Julia Child once said, “This is my invariable advice to people: learn how to cook—try new recipes, learn from your mistakes, be fearless, and above all have fun!” Child’s encouraging words have undoubtedly inspired countless people to pick up a whisk, whether to try a new recipe out of boredom or, as Child did, to embark on a full-out mission to find their life’s purpose in baking and cooking. Many people probably won’t write a best seller about their triumphs or inspire a box office hit, but cooking and baking have a myriad of benefits for the mind and the body.
Edward Espe Brown, author of No Recipe: Cooking as Spiritual Practice, aims to instill in readers what it means to view cooking or baking as meditative. In yoga practices, meditation means being in a state of stillness and looking inward to get to a place of total consciousness. It relies on breath, posture, and, more often than not, a quiet environment, none of which is usually synonymous with kitchen activity. But when you let go of what you typically associate with meditation, you’ll find that cooking and baking can have similarly calming results.
Something like baking bread can be especially therapeutic—as long as you accept that it doesn’t have to turn out perfect. Bread is a low-cost, high-reward food to make; water, flour, yeast, and a whole lot of kneading are the basics to making a good loaf.
In a society obsessed with time, however, perhaps the most important component to bread making is patience. You learn to view time as your friend, not your enemy. Time is what allows the dough to mature, eventually leading the way for it to become an artisan loaf. The process of making the bread itself—the rhythmic act of kneading the dough, waiting for it to rise, and eventually baking it in the oven—forms a meditative connection. When you allow yourself to be completely focused on the push and pull through kneading with your hands, this eases you into a state of mindfulness. While you’re not engaging in something typically considered meditative, with an open mind, making bread can be experienced as just that.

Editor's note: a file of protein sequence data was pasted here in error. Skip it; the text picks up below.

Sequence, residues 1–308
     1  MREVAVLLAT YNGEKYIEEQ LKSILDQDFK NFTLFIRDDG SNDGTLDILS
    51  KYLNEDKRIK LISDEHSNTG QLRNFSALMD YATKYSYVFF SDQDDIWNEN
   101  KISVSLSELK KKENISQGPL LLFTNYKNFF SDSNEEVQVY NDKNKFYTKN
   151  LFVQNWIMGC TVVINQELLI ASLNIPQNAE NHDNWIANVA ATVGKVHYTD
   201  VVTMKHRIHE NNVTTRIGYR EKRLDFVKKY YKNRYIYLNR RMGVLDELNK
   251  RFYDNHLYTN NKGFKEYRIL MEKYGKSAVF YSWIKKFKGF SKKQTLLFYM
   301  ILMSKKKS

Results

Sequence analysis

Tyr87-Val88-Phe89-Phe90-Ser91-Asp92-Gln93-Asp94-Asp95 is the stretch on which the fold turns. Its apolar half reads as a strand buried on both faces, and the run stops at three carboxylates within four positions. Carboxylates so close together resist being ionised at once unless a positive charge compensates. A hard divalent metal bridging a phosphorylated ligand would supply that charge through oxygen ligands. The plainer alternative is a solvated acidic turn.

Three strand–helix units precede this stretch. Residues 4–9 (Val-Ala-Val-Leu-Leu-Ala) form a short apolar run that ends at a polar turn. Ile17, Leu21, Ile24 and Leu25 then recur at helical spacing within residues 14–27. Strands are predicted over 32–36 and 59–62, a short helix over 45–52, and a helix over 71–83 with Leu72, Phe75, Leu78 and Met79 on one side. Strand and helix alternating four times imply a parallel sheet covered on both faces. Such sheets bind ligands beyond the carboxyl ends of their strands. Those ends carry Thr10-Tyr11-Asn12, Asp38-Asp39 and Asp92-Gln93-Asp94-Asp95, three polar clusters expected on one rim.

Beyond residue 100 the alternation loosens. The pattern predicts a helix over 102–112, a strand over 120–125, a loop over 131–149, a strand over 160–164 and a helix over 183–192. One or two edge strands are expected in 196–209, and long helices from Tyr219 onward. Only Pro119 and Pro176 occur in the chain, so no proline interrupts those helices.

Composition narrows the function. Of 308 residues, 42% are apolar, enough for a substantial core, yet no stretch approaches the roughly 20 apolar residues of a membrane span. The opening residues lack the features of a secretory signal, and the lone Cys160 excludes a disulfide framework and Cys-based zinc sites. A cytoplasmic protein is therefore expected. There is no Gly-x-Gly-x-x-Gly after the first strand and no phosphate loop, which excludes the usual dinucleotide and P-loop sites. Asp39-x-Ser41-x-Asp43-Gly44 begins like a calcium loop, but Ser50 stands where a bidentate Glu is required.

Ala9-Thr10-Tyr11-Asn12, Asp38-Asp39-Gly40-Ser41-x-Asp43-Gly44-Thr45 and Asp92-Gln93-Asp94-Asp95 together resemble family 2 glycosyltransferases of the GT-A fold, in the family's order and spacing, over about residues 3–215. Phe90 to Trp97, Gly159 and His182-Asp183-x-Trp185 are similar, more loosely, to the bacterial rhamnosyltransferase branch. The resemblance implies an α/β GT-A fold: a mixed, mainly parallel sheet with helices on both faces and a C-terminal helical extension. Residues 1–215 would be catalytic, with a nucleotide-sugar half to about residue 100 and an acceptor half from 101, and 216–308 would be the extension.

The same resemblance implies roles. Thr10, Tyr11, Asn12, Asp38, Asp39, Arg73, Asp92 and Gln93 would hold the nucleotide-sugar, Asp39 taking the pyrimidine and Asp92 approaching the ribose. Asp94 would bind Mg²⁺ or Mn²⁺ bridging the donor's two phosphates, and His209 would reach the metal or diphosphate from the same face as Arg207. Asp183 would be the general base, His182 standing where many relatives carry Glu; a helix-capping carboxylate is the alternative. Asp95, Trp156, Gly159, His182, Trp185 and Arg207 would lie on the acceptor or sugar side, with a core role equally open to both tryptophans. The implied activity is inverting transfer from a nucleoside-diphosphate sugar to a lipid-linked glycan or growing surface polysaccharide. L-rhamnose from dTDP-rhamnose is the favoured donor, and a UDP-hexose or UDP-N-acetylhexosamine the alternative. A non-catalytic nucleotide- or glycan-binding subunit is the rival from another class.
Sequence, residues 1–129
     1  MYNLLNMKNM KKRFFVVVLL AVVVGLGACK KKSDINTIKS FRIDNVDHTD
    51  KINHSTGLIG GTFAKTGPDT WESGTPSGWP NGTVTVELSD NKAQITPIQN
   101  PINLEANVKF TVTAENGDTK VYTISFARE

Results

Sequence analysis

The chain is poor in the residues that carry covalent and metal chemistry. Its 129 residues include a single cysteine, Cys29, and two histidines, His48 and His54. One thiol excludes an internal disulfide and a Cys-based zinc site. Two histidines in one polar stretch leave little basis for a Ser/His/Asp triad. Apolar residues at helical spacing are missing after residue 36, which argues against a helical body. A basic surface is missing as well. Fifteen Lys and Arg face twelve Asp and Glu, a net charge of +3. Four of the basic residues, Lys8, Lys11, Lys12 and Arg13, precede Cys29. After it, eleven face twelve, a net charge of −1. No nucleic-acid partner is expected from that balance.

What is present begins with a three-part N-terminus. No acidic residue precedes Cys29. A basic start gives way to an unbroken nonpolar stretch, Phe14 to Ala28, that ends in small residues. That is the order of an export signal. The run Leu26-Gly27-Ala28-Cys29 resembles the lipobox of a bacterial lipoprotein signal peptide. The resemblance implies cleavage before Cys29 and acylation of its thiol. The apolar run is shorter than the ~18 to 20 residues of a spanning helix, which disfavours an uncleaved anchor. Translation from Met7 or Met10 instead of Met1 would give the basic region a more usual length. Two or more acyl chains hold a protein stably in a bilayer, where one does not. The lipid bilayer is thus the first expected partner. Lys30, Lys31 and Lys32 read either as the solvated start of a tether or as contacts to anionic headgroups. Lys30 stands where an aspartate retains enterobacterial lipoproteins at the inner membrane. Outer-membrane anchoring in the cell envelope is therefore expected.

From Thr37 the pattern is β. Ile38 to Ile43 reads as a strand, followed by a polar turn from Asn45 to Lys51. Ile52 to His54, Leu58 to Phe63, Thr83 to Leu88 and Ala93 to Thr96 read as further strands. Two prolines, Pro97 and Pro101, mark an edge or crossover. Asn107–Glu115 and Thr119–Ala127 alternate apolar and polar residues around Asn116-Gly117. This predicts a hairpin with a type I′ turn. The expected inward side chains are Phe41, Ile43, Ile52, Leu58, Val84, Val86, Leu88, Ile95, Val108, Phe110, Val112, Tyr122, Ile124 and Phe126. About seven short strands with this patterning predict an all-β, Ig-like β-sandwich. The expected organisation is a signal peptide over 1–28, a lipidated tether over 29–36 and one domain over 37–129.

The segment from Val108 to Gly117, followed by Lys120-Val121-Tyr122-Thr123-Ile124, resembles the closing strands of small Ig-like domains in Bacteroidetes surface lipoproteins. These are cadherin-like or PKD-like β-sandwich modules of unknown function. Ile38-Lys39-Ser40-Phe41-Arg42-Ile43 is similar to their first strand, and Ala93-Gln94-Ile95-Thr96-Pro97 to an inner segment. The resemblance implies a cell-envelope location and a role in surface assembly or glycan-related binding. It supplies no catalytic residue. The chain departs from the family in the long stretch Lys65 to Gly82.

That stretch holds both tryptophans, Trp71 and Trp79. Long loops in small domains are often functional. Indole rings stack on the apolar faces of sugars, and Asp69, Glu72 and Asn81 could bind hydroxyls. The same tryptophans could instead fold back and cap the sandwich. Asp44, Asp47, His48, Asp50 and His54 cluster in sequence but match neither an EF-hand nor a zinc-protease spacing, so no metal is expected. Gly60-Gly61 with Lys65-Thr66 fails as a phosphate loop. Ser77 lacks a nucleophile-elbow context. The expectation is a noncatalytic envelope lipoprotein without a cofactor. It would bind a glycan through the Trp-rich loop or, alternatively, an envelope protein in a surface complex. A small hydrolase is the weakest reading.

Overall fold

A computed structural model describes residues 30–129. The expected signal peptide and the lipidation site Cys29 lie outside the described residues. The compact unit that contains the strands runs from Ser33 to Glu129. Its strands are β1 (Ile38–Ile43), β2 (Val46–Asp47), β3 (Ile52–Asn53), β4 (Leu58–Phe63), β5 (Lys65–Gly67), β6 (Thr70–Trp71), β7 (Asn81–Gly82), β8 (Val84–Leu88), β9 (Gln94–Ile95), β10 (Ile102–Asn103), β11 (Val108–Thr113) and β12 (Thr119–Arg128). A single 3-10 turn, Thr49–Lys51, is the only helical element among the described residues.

The mindful, meditative aspect of making something in the comfort of your own kitchen is certainly a benefit to your mental health, but it doesn’t end there. For some, it may even take a while before they consider cooking or baking meditative, and it could take a couple tries at a recipe before fully giving in to that sense of mindfulness. It may be helpful to learn about what other benefits can come from taking up cooking or baking as a hobby.
We’ve all experienced the feeling of satisfaction that comes from accomplishing something. It’s also used in a type of therapy called behavioral activation. This method of therapy is used to treat those suffering from depression by having them participate in activities that are attached to goal-oriented encouragement. Whether you’re a newbie in the kitchen or a seasoned chef, at the end of a recipe is the promise of something delicious you made with your own hands, and that has power.
If you’re looking to better your relationship with food, cooking your own meals is a great way to get on the right track. When you’re in control of what you’re putting into your body, you have greater influence to make it a healthy meal full of nutrients instead of something that will leave you feeling hungry (and guilty) hours later.
Setting aside time to do something creative is proven to positively impact your day. This could take form in writing, drawing, and, yes, cooking. And don’t think that this excludes you just because you’re following a recipe! Whether you swap out an ingredient for something you find more flavorful, add a dash more seasoning, or make dietary substitutions, cooking inspires creativity just by doing. Who knows? Straying from the recipe may lead you to create a new family classic.
Mix It All Together
A dash of meditation here, a sprinkle of stress relief there—cooking and baking may just be the hobby you were looking for to strengthen your mind-body connection. With Child’s famous sentiment in the back of your mind as you embark on the culinary journey ahead of you, it’s hard not to be excited! Learn to let go of the idea of perfection, and embrace every messy, mindful, and makeshift second of being in the kitchen.
For more info, visit choosemyplate.gov